Drivers Under the Influence of Drugs On the Rise

Many Blame the Legalization Of Marijuana

For many years, campaigns and extra patrolling throughout the U.S. has been done in an effort to put a stop to drunk driving and the horrific accidents that such actions cause.

Today at almost every sobriety checkpoint stops are also checking for drivers under the influence of drugs, and there’s been a change to what the law enforcement community is finding. The number of people driving under the influence of drugs is on the rise. It’s a statistic that many in the law enforcement community finds alarming.

In roadside surveys across the U.S. for 2014, alcohol detection in drivers dropped by nearly 30 percent, however, drivers that were intoxicated by drugs or tested positive for drugs, there was an increase of about 4 percent.
Law enforcement believes many Americans are turning to prescription drugs and illegal drugs like marijuana. Some drugs are not as easy to detect as alcohol.

The increasing number for drugs should be a concern for everybody on the roads as one in four drivers across the nation are testing positive for some kind of drug according to the National Highway Transportation Safety Administration.
Therapist Robert Hutchens says the stigma on using drugs has decreased. He says people might not realize what kind of affect their drug use could have.

“Once a person takes these drugs into their system, the mind becomes altered,” Hutchens said. “Once that happens, their impact, whatever it is they’re doing, has a great impact on the greater society and the community.”

So what is a solution? The law enforcement community is pretty resolute on this issue.

“Education, education, education….it has taken many years of efforts with the anti-alcohol driving messages to get that message across, and its finally working to some degree,” Hutchens added. “We need that same thought, that same tenacity going into educating about prescription drugs.”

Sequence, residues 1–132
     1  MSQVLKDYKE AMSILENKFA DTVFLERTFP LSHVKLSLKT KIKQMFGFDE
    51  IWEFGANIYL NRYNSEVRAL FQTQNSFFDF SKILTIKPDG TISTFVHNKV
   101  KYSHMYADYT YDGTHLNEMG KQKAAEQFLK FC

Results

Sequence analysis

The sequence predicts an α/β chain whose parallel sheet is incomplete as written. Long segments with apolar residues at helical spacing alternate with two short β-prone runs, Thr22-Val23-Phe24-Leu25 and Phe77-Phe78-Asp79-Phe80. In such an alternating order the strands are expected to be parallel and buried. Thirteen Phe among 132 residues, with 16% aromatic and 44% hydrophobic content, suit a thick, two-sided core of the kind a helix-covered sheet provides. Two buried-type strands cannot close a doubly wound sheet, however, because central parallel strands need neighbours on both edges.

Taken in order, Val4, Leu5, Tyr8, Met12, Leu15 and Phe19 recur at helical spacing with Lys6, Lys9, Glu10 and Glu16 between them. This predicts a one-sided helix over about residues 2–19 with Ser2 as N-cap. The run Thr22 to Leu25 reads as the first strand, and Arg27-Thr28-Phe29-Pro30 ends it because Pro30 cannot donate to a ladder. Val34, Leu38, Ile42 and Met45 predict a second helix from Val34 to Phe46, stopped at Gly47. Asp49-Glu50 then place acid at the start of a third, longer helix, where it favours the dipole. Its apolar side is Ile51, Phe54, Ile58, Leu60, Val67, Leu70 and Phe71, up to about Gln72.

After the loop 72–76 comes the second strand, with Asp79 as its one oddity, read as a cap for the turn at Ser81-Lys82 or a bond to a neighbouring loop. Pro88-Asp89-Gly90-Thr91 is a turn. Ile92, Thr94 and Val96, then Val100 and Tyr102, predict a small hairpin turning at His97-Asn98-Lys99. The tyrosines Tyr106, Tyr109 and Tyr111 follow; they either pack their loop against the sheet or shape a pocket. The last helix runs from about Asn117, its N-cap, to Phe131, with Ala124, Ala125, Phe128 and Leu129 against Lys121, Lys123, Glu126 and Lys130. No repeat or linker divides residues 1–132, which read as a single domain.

Hiring a Driver Who is Enrolled in a Previous Employers CSAT Program

Question: I’m hiring a new driver and he was working for another company that had him enrolled in their CSAT (drug testing) program, do I need to pre-employment test him?

Answer: Part 382, section 382.301(a) Prior to the first time a driver performs safety-sensitive functions for an employer, the driver shall undergo testing for controlled substances as a condition prior to being used, unless the employer uses the exception in paragraph (b) of this section. No employer shall allow a driver, who the employer intends to hire or use, to perform safety-sensitive functions unless the employer has received a controlled substances test result from the MRO or C/TPA indicating a verified negative test result for that driver (unless you choose the exception listed below).

Exceptions to the pre-employment test, only if all requirements listed below are completed.

  • The driver has been enrolled in a program within the past 30 days and has tested within the past 6 months and has no violations, or
  • The driver has participated in a program for the past 12 months and has no violations, and
    a. The employer ensures that no prior employer of the driver of whom the employer has knowledge has records of a violation of this part or the controlled substances use rule of another DOT agency within the previous six months.
    b. After receiving the driver’s written consent, the DER or Owner-Operator must request the following information for the driver’s past drug and alcohol testing records from the past employer(s) or consortium:
  • Name and address(es) of the program(s).
  • Verification that the driver participates or participated in the program(s).
  • Verification that the program(s) conforms to FMCSA 49 CFR Part 40.
  • Verification that the driver is qualified under the rules of this part, including that the driver has not refused to be tested for controlled substances.
  • The date the driver was last tested for controlled substances.
  • The results of any tests taken within the previous six months and any other violations of Part 382 Subpart B.

We do provided the Form 114 for this purpose, please refer to the back of the Form 114 for the Part 40, section 40.25 requirements regarding employee background checks requirements.

Per Part 40, section 40.25 all employers are required to check the drug and alcohol testing record of employees it is intending to use to perform safety-sensitive duty.

Again, the Form 114 can be used for that purpose; the bottom of the form only needs to be completed again if you are choosing to waive the pre-employment option under the exemption.

This post is also available in: Spanish